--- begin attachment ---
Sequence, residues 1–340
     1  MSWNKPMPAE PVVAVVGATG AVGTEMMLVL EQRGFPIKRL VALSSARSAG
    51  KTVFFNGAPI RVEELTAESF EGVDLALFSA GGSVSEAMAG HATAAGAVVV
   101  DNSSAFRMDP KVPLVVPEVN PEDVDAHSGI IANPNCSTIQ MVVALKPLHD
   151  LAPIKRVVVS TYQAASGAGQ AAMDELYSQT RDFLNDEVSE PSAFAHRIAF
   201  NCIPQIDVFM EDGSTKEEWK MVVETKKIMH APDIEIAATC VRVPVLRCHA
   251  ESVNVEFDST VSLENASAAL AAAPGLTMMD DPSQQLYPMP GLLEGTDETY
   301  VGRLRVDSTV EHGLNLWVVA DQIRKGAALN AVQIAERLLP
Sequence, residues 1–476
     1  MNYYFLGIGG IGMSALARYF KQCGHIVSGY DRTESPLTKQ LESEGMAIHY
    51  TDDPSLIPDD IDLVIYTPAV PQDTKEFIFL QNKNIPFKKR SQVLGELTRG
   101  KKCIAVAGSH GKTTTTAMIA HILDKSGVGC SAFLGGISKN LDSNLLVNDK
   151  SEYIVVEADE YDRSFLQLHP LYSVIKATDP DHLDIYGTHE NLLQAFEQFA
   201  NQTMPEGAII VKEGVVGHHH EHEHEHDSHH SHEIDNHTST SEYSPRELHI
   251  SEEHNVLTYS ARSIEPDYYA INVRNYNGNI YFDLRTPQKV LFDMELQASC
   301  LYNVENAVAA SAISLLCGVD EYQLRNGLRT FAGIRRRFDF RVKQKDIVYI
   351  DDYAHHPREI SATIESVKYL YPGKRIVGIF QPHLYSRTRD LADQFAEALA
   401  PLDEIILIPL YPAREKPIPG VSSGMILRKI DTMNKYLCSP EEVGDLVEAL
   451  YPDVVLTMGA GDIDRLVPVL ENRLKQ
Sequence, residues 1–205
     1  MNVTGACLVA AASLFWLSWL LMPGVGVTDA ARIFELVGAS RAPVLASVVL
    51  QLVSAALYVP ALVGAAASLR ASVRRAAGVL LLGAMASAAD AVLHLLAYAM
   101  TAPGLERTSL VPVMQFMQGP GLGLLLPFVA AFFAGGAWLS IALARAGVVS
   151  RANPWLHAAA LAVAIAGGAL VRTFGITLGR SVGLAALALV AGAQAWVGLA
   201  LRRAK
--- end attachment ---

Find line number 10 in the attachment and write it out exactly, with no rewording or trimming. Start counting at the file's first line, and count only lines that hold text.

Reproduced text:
     1  MNYYFLGIGG IGMSALARYF KQCGHIVSGY DRTESPLTKQ LESEGMAIHY